In this post, I’m going to answer a few of the various questions I’ve seen show up on the blog in the last week.
Q. Is a data center required to have an EPO (emergency power off) button?
A. No. The EPO button is part of the National Electrical Code, Article 645, covering “information technology equipment” (ITE) rooms. ITE rooms are defined by 645 have a very specific set of characteristics and computer rooms or data center space are not required to be constructed as ITE rooms.
Basically, 645 trades out laxer rules in some areas for stricter rules in others. In exchange for such things as not requiring plenum rated cable under raised floors, the ITE room gets saddled with the EPO button. It’s a bad trade off, the first time someone leans on or maliciously slaps the EPO on the way through the door and shuts the entire data center down. Do yourself a favor, run the cables overhead, dispense with the raised floor, and kick the EPO to the curb.
Email me to find out how green DC data center power can also keep everyone safe without the need for an EPO!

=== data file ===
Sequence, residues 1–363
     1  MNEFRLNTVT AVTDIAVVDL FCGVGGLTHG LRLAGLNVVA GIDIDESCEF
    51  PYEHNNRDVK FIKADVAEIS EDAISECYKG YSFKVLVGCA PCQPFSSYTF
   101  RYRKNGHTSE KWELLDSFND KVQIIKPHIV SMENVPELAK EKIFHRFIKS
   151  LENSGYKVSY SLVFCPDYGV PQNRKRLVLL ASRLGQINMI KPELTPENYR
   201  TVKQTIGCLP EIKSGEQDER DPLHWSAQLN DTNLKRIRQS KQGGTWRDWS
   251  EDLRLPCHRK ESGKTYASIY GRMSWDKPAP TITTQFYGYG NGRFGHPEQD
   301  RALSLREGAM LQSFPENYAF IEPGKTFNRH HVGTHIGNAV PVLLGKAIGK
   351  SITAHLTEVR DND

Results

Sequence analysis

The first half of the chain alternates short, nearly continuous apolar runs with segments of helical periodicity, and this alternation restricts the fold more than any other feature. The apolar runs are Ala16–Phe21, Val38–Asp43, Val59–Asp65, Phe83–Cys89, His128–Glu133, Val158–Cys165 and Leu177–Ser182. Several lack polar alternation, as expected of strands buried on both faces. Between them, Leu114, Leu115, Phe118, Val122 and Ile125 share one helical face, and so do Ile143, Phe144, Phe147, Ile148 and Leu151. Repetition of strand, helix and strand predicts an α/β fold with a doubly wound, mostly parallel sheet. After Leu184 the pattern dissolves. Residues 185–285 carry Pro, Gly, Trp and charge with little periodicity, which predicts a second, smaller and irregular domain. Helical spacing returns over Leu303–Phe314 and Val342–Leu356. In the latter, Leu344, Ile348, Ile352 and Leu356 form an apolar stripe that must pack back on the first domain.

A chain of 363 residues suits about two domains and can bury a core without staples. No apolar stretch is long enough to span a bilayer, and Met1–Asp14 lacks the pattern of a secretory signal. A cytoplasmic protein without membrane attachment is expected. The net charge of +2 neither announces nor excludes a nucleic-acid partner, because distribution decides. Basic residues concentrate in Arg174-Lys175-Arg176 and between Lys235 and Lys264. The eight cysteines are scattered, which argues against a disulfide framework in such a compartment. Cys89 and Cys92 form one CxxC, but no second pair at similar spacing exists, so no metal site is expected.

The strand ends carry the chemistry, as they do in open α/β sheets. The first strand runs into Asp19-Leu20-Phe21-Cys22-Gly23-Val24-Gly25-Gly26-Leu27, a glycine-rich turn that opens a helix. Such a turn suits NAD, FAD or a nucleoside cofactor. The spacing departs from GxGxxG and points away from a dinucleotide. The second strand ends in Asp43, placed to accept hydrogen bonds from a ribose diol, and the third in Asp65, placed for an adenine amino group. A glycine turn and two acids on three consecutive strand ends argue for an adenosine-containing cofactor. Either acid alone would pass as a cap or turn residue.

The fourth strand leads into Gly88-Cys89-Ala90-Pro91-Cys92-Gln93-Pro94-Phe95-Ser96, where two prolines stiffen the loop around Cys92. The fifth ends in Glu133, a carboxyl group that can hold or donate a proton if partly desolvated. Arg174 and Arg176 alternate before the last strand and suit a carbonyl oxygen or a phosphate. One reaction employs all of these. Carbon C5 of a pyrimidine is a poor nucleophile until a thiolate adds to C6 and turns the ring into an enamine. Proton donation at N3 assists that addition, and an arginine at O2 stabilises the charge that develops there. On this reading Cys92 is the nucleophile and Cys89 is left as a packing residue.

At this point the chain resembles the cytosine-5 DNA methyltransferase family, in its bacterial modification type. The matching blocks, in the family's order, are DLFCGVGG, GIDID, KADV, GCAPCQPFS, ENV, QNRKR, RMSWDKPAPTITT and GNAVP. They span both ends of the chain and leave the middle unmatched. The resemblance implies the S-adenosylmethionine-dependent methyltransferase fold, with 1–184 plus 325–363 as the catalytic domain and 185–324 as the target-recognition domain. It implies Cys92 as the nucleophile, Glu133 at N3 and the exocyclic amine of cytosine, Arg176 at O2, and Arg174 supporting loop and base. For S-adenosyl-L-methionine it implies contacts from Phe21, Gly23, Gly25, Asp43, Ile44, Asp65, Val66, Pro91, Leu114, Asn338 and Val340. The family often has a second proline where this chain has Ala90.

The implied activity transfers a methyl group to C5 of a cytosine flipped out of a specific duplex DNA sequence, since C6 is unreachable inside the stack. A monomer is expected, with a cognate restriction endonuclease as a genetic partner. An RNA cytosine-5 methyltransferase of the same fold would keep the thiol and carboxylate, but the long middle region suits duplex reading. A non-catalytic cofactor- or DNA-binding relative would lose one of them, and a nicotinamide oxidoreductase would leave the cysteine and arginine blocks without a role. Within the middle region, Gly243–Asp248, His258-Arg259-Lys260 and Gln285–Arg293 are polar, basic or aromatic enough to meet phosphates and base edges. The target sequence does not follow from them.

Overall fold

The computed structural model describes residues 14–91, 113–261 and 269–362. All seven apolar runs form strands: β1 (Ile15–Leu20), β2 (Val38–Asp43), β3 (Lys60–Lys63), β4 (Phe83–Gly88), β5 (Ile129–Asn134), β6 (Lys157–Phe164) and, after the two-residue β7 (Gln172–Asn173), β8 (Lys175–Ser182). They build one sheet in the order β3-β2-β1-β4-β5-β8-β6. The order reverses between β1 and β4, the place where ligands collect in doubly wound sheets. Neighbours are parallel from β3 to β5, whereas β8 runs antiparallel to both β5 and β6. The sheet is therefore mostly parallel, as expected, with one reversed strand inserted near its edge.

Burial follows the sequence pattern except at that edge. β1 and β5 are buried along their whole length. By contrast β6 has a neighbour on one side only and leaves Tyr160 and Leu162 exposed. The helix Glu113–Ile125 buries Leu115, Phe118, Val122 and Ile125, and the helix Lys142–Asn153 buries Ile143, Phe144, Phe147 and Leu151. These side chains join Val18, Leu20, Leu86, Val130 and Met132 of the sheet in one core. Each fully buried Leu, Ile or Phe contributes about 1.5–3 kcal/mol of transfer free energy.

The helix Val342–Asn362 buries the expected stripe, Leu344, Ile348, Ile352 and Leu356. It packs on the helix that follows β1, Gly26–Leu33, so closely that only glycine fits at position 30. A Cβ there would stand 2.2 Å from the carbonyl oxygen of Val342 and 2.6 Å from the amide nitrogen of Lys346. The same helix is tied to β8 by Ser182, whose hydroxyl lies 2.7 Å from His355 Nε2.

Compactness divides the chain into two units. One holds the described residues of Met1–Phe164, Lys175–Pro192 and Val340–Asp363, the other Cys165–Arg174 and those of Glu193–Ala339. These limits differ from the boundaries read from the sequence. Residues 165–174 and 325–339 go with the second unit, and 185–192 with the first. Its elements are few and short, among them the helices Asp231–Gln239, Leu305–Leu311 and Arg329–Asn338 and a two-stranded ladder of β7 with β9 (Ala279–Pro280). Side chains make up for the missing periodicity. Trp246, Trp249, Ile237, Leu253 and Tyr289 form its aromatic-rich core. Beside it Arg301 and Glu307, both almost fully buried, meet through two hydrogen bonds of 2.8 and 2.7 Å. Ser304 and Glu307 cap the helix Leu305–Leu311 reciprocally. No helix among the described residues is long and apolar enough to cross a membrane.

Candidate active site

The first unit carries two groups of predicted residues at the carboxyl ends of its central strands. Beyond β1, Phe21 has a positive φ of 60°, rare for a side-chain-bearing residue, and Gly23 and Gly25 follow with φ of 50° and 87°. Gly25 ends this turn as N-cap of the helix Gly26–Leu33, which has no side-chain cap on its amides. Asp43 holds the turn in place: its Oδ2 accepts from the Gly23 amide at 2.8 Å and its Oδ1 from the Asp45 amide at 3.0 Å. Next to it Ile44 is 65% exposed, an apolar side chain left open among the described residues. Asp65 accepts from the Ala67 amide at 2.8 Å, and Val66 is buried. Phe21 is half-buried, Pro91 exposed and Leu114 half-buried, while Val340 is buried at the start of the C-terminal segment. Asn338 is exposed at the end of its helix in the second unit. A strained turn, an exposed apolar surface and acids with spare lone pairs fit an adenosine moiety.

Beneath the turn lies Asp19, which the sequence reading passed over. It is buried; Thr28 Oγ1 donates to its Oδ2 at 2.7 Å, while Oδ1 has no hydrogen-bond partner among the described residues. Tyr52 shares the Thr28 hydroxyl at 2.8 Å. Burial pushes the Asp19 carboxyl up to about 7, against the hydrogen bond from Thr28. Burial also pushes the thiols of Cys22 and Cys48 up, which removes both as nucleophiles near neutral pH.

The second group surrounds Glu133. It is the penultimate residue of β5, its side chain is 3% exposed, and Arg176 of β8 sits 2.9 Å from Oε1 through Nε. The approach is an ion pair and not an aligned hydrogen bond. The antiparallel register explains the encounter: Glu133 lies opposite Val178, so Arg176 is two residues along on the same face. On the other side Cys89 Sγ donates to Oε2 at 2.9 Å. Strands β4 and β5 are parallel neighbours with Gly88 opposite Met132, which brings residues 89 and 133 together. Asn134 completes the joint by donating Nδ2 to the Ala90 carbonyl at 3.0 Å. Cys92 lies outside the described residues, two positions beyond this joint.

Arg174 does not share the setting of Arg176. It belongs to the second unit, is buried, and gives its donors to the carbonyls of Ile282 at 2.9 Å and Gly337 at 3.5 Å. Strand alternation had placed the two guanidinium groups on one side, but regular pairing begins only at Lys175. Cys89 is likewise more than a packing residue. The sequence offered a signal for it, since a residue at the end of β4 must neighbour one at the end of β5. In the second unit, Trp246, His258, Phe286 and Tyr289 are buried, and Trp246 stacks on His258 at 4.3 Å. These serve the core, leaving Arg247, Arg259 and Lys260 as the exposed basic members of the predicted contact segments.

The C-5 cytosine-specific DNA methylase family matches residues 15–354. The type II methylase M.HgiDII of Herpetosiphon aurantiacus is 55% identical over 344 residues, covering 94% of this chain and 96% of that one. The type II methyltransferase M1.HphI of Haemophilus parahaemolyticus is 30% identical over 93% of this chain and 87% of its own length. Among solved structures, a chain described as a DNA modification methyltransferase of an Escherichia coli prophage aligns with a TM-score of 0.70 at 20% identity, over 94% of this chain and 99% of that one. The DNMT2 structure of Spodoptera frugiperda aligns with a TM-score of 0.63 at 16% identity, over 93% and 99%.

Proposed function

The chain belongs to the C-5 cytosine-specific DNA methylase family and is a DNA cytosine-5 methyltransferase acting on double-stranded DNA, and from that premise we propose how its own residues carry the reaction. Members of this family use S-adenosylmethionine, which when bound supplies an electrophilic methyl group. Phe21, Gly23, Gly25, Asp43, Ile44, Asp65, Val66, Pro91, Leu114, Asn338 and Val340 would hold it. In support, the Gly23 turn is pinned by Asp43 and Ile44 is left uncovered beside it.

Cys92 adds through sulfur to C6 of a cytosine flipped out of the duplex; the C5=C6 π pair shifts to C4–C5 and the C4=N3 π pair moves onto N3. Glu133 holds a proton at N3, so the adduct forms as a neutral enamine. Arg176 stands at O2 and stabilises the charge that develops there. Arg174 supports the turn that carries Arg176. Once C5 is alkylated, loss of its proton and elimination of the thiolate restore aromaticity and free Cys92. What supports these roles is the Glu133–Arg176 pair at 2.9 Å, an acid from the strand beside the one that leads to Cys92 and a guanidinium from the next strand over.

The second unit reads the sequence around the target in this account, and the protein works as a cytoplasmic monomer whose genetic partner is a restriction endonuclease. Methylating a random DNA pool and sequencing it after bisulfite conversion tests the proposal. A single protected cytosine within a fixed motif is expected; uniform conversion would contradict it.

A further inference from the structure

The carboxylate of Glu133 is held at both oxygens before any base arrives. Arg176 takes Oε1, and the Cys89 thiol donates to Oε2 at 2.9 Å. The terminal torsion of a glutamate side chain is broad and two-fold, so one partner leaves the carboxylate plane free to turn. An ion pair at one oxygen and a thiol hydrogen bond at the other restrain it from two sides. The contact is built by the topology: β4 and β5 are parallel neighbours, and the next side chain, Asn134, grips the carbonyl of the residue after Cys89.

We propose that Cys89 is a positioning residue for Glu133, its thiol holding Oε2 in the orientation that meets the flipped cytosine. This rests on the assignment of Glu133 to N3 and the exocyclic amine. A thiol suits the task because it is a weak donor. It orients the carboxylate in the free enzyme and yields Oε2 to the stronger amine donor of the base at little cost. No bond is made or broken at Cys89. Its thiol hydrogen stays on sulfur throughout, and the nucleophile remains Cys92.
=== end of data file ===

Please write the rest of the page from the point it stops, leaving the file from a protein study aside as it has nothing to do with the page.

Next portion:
Q. Are batteries a hazard in the data center?
A. Flooded cell batteries should never be in the same space as the data center IT equipment, due to the potential of acid spill and explosive hydrogen gas generation. “Sealed” types such as AGM and VRLA are fine for close proximity to IT equipment as long as their terminals are protected from shorts. Also note that AGM types are extra safe, since they have no free liquid electrolyte in them, they won’t leak acid even if you physically crack the case.
Call or email me or visit the SwiftWater Telecom web site for green data center and cloud computing services minus the hype.